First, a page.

Companies led by thrill-seeking pilot CEOs pay less tax
Companies keen to pay less tax should look for a CEO with a pilot's licence on their resume, according to a new Deakin University study that shows a firm's level of tax avoidance is significantly influenced by leaders with "thrill-seeking tendencies".
The paper, recently published in the Journal of Corporate Finance, establishes a link between CEO thrill-seeking and tax minimisation practices using a dataset that identifies CEOs who hold a license to fly small aircraft.
It found that, on average, firms with pilot CEOs have an effective tax rate 2.6 per cent lower than firms managed by non-pilot CEOs. This finding suggests the average firm saves USD $4.95 million per annum in tax payments by hiring a pilot CEO.
Deakin Business School Associate Professor Edward Podolski said he and his co-researchers chose to examine "pilot CEOs" with the idea that those who take risks in their personal lives will also tend to imprint their thrill-seeking on corporate policies.
“Despite the prevalence of corporate tax avoidance, there are significant differences in firms' tax policies. Some engage in tax reduction strategies bordering on illegality, while others choose to stay within the letter and the spirit of the law even if it means paying higher taxes," Associate Professor Podolski said.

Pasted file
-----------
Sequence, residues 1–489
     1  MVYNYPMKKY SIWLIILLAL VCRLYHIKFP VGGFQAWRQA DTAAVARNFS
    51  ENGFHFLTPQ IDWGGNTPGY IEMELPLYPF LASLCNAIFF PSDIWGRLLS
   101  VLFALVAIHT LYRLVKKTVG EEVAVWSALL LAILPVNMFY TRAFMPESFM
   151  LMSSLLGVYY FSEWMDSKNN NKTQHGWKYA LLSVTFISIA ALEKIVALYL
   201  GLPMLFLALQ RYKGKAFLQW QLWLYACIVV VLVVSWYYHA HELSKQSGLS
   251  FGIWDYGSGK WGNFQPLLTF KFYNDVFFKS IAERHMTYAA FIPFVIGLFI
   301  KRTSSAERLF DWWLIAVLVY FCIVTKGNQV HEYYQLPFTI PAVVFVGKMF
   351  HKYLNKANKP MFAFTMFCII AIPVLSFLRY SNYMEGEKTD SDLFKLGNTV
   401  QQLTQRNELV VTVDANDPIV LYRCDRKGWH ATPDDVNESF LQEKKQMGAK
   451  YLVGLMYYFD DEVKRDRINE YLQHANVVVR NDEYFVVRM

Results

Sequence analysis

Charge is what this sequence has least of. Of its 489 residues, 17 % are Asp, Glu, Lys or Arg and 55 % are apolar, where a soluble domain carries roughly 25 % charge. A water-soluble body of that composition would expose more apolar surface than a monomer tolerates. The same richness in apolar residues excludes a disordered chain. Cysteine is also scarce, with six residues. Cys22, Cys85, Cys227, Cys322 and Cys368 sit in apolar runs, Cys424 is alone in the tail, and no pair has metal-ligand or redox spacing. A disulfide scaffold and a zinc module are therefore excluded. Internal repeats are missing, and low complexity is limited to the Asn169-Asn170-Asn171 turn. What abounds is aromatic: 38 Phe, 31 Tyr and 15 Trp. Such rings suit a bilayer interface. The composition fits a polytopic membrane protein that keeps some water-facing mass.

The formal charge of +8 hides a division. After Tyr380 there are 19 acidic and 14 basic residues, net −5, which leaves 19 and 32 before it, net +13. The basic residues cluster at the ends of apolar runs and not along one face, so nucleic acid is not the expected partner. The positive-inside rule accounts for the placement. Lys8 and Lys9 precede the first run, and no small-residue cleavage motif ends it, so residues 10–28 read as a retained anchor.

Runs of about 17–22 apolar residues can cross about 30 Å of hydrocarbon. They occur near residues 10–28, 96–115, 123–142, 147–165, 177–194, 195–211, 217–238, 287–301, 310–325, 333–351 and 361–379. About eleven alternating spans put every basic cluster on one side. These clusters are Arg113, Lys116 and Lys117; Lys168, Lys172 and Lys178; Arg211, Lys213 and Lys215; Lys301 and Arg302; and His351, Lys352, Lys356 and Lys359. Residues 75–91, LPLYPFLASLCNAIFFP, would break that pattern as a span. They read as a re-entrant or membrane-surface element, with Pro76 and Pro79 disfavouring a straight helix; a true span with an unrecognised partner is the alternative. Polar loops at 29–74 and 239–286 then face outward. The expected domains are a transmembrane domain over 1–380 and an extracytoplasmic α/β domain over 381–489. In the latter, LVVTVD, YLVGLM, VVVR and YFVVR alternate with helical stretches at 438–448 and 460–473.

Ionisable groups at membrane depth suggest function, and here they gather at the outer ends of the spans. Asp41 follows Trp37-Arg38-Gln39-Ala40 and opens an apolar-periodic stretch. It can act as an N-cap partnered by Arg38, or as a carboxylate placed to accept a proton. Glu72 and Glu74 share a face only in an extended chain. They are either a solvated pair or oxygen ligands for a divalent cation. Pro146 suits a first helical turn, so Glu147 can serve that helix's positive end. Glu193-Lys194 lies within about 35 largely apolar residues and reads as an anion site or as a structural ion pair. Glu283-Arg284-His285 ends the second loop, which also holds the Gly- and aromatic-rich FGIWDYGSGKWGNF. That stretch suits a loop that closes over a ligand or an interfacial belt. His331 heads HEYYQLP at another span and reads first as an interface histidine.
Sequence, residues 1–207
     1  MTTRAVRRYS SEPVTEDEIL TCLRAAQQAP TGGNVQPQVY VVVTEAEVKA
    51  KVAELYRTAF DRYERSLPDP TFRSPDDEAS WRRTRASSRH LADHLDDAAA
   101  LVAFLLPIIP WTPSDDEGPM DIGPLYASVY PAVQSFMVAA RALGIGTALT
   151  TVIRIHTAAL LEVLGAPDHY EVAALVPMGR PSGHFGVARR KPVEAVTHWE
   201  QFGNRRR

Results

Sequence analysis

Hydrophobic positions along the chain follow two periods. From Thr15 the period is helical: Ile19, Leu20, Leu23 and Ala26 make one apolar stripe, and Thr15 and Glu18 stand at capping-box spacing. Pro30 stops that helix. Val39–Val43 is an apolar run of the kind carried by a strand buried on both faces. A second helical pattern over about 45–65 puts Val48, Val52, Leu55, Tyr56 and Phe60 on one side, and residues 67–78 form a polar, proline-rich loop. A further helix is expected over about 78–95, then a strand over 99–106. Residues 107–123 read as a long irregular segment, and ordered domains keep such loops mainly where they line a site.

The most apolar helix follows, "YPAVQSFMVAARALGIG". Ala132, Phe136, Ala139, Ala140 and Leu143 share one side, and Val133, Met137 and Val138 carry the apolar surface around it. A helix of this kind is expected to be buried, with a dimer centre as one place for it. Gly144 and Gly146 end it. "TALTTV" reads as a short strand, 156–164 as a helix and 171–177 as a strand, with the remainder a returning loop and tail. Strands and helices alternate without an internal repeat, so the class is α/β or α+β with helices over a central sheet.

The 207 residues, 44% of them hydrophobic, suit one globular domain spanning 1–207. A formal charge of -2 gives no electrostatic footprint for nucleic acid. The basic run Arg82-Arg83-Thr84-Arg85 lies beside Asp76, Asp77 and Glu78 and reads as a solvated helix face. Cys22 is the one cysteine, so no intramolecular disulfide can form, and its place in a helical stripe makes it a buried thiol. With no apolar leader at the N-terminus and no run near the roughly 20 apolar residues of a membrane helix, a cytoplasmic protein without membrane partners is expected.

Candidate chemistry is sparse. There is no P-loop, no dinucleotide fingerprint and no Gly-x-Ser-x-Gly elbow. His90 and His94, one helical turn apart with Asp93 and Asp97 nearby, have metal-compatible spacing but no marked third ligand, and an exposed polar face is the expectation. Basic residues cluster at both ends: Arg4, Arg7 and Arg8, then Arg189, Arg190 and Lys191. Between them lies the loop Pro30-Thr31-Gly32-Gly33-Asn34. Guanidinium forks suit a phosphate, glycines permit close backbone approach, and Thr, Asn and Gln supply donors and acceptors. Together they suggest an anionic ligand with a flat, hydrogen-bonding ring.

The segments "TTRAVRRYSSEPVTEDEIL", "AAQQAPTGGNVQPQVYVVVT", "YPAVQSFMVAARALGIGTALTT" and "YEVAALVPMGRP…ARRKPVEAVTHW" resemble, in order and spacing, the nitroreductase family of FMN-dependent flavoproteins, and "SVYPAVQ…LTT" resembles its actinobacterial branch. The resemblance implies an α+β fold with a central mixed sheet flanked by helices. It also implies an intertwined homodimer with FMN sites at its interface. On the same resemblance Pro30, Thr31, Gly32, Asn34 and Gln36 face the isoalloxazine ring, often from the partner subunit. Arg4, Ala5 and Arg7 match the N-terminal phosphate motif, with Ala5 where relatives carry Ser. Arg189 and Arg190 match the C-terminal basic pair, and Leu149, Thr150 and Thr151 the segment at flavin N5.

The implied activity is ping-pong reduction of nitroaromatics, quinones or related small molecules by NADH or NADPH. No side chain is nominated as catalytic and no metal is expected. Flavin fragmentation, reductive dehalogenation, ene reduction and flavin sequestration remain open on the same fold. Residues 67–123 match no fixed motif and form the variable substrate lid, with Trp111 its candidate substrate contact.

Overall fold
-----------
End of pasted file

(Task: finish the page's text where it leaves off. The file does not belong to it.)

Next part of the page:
"We wanted to understand what explains this difference, and whether the personality of CEOs was a significant factor, specifically their thrill-seeking tendencies. The nature of modern tax avoidance practices require creativity, willingness to pursue novel and complex strategies, and high tolerance of risk.
"Pilot licensing is the only public data we could use test our hypothesis. We can't know exactly how many corporate leaders enjoy bungee jumping for example, but we believe flying light aircraft is an effective proxy to establish an appetite for risk."
The Deakin study used US data from firms listed in the Standard & Poor's 1500 and cross matched it with the Federal Aviation Administration licensing database.
On average, 5-6 per cent of CEOs held pilot licenses over the study period (1992-2018) making up a large enough group for robust comparison.
"Our results are robust and control for factors such as CEO characteristics, corporate governance, media coverage, financial constraints, or risk-taking incentives," Associate Professor Podolski said
"We would expect a similar association in Australia and across Europe because of their comparable corporate and cultural environments."
Ultimately, Associate Professor Podolski said his research showed that it was critical for shareholders, regulators, and board members to understand personality characteristics of CEOs because they had a material impact on the company’s policies and outcomes.
"You can't just assume a CEO is a CEO and that they are interchangeable," he said.